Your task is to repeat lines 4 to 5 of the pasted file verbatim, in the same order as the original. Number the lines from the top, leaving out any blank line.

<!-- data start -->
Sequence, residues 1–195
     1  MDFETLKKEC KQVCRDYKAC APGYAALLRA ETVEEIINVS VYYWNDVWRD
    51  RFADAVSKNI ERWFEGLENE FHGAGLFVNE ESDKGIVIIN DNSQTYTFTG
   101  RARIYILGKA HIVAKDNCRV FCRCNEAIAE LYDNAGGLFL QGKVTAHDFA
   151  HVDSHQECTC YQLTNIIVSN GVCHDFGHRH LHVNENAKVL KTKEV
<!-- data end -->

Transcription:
   101  RARIYILGKA HIVAKDNCRV FCRCNEAIAE LYDNAGGLFL QGKVTAHDFA
   151  HVDSHQECTC YQLTNIIVSN GVCHDFGHRH LHVNENAKVL KTKEV